Why Is It Easier for Young Children to Learn a New Language?
One of the most famous discoveries in biology in the last 50 years is that the brains of all young animals go through critical periods when they are particularly receptive to learning.
Tuesday, August 21, 2007
Enjoying the Sunny Side of the Street
Seniors tend to emphasize the positive more than younger people do, and for good reason. As people age, they gain not only life experience but better emotional balance.
Music: It's Play Time!
The ways to get involved making music are as varied as the instruments in a symphony orchestra.
One of the most famous discoveries in biology in the last 50 years is that the brains of all young animals, including children, go through critical periods when they are particularly receptive to learning or mapping different forms of information.
Swedish scientists David Hubel and Torsten Wiesel received a Nobel Prize in 1981 for their experiments with newborn kittens. By sewing shut one eyelid of a kitten during its critical period from the third to the eighth week of its life, they found the visual areas in the brain map that would normally process input from the shut eye failed to develop, leaving the kitten blind in one eye for its entire life.
Thanks to their discovery, children born with cataracts no longer face blindness. Instead of waiting until they are older, these children are sent for corrective surgery when they are still infants. This way, their brains receive the light they need to form crucial connections during their critical period, which, like that of kittens, is short-lived.
Babies and young infants can pick up new words and sounds effortlessly during the critical period of cortex development. After age one it gets more difficult, but it is still much easier for children to learn new words. Whether these words are all from one language or from two or more doesn’t matter. All of the words—English, French, Russian, etc.—are stored in the same brain map.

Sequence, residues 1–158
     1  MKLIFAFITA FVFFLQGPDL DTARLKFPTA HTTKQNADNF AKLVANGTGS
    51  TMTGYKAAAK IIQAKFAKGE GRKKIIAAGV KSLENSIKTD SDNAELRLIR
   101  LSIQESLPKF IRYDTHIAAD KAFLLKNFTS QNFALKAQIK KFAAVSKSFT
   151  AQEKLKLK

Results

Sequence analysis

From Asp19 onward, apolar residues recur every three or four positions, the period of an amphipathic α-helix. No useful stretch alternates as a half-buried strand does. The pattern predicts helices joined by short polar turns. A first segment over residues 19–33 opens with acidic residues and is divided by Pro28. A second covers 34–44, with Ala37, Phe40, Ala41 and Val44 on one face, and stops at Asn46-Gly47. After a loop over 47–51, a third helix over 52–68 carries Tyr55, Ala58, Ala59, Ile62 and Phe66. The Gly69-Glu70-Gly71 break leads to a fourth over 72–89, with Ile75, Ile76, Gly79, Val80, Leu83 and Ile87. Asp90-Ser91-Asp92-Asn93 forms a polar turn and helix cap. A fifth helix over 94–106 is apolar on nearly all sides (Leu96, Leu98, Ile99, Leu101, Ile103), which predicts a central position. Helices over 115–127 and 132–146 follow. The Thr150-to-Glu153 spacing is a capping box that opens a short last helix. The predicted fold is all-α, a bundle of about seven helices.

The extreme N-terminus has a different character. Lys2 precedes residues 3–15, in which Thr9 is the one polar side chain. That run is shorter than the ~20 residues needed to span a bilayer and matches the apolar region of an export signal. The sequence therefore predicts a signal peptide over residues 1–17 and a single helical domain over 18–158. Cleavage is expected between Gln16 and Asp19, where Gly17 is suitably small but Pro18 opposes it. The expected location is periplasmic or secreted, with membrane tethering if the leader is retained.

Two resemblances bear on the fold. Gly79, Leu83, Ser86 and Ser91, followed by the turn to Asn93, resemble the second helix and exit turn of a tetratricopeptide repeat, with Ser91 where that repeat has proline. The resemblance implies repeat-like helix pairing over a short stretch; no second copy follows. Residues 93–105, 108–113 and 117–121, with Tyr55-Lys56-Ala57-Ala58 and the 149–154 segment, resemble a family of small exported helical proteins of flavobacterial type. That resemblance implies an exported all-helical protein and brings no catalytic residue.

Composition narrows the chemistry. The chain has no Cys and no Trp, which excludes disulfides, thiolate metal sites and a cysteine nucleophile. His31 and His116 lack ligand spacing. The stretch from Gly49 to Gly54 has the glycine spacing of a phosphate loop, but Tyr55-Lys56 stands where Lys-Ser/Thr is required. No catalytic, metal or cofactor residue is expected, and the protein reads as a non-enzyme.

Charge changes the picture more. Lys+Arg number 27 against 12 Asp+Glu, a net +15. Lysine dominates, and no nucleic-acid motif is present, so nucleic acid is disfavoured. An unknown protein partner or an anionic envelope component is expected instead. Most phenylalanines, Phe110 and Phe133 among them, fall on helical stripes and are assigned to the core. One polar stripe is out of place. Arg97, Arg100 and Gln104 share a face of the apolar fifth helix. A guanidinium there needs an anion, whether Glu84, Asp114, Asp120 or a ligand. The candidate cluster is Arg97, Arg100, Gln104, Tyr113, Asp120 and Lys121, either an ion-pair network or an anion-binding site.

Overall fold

After age 10, learning new words becomes progressively harder until, as adults, it is exceedingly difficult. The older you get, the more you use your native language and the more it comes to dominate your linguistic map. You still have brain plasticity, but your mother tongue rules. Your brain trains itself to not pay attention to foreign sounds, and the space in your head dedicated to language gets rather crowded.
The exciting news about “critical-period plasticity” is that it may be possible to reopen it so that adults can pick up languages the way children do. Scientists have learned that the part of the brain that allows us to focus our attention, the nucleus basilis, is “turned on” and stays on during the entire critical period. Once it is turned on, we not only pay attention to what we are experiencing, we also remember it. Our brains are in an extreme plastic state.
In experiments with rats, Dr. Michael Merzenich has reopened their critical-period plasticity by artificially turning on and keeping on their nucleus basilis using microelectrodes and an electric current. Someday (no one knows when) the same thing will be done with humans, using microinjections of certain drugs or chemicals. Just imagine how great this will be. With hardly any effort at all, you’ll be able to learn Swahili and speak it without an accent!